Thursday, May 25, 2017

High Performance Air Systems

Almost a year ago I wrote a blog about the new code in Washington State. AMCA objected to the wording of the code through several avenues, and was essentially ignored. As I said then, the code mandates “the use of decentralized ventilation systems using dedicated outdoor air systems (DOAS) to deliver 100 percent outside air independent of heating and cooling systems.” This code, in effect, prohibits central station air handlers.

It seems reasonable to assume that the authors of the code were heavily influenced by proponents of “non-ducted” systems, including VRF, WSHP, and Chilled Beams. All these systems require that outside air be carried through ducts to every space, so “non-ducted” is a pretty poor definition.

AMCA had already formed an ad-hoc committee on “High Performance Air Systems”, issuing a white paper this past January. I presented an HPAS webinar on May 4 (2017) to discuss this white paper and an article in HPAC “Specifications for High-Efficiency VAV Systems,” which outlines the requirements and exceptions to the code. The two documents spell out the advantages of “ducted” systems as well as the disadvantages of the other types. Earlier in 2014, I presented a two part HPAS webinar before the Washington code was in place. Both recorded webinars are available on the Krueger website.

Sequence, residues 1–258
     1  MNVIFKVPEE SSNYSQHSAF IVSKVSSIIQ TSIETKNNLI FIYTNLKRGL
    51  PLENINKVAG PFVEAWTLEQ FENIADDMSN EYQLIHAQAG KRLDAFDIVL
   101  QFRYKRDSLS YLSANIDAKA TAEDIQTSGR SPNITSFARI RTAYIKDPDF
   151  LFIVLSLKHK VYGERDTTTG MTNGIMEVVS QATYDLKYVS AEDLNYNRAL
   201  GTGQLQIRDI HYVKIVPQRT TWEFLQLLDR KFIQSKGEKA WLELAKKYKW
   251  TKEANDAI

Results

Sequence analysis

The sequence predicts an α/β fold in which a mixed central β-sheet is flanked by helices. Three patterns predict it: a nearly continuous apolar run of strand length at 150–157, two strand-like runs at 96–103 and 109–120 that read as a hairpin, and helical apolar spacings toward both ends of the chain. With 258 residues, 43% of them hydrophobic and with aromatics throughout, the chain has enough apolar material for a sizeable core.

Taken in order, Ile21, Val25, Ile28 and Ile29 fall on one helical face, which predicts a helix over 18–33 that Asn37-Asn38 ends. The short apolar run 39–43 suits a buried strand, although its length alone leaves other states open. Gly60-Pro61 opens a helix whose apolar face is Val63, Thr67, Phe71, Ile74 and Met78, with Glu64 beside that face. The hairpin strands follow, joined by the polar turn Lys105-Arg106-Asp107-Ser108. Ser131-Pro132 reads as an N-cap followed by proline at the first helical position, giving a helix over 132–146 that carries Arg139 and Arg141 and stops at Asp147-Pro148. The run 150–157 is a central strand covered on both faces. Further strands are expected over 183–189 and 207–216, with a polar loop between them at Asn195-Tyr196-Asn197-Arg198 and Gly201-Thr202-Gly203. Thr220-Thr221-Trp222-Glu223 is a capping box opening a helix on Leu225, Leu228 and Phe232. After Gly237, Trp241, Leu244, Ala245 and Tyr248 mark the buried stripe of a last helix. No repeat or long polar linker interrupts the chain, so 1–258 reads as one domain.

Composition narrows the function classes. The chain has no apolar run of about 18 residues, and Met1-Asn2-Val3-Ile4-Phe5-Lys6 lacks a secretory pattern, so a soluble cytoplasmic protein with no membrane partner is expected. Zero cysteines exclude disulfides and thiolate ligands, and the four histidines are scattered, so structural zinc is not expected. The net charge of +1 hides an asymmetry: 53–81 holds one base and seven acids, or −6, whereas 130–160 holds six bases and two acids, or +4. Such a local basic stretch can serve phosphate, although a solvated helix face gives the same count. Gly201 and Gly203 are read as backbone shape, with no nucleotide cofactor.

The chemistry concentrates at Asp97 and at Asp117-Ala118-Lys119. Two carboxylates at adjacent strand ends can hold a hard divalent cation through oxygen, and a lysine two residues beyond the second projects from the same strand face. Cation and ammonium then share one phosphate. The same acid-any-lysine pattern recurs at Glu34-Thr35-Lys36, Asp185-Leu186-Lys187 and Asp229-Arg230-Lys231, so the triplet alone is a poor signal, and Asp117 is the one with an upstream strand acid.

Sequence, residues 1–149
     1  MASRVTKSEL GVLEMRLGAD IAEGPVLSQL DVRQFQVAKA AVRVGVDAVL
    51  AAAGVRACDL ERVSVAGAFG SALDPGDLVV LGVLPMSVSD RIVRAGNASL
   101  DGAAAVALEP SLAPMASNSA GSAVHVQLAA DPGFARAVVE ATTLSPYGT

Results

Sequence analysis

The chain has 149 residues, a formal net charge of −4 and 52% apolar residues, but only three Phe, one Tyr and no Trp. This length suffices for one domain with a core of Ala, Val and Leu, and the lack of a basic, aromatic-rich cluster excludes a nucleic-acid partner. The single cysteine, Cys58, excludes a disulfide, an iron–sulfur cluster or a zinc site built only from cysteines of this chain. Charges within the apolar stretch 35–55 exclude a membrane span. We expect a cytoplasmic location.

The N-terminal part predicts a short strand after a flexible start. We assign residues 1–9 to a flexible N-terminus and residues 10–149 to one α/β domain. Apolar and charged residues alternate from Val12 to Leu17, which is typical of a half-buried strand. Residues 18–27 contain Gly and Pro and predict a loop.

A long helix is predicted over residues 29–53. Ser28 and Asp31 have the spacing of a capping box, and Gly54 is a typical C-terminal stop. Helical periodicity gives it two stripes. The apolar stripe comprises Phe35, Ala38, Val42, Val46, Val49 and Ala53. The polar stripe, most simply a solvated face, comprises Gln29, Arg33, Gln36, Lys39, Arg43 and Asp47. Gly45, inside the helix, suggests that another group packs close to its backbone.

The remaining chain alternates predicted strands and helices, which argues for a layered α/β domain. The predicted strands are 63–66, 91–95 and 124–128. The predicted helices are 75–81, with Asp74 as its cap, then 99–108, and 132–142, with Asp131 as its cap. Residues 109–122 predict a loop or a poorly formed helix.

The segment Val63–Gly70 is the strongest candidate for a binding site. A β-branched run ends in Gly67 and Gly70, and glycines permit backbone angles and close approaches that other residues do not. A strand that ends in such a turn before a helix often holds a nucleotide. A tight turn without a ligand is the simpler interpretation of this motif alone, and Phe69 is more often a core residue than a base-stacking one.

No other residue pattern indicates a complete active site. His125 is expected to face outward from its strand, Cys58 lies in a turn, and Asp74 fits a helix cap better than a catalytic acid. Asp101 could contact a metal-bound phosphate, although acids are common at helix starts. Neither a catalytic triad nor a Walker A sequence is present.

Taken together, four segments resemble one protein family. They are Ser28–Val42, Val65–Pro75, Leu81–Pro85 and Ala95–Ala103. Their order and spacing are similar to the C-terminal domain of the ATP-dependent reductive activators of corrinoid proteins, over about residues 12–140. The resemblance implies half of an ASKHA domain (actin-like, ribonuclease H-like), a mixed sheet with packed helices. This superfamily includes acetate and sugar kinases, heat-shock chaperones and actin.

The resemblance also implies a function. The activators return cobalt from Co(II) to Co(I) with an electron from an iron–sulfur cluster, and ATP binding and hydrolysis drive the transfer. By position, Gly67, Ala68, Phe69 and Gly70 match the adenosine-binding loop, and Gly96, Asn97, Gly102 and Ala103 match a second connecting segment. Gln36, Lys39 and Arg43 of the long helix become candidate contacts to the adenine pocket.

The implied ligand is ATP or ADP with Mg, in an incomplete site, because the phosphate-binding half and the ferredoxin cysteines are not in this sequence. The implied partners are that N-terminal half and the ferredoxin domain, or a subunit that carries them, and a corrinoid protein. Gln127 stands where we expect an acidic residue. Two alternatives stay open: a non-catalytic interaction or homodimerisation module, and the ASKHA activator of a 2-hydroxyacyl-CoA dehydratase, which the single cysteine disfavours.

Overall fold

I’m a bit surprised that this isn’t front page news. I am more surprised that after visiting engineers in Phoenix, Rochester, Saskatchewan, and Sacramento, there was no awareness of this code change. I have been predicting that one day we would see a code requiring direct measurement and control of ventilation air into all spaces --- and here it is. As it turns out, the “chilled box” I have been touting for the past few years meets most of the requirements of the identified alternates in the Washington State code. As you might guess, I mentioned this in the webinar!

Authored by: Dan Int-Hout, Chief Engineer Krueger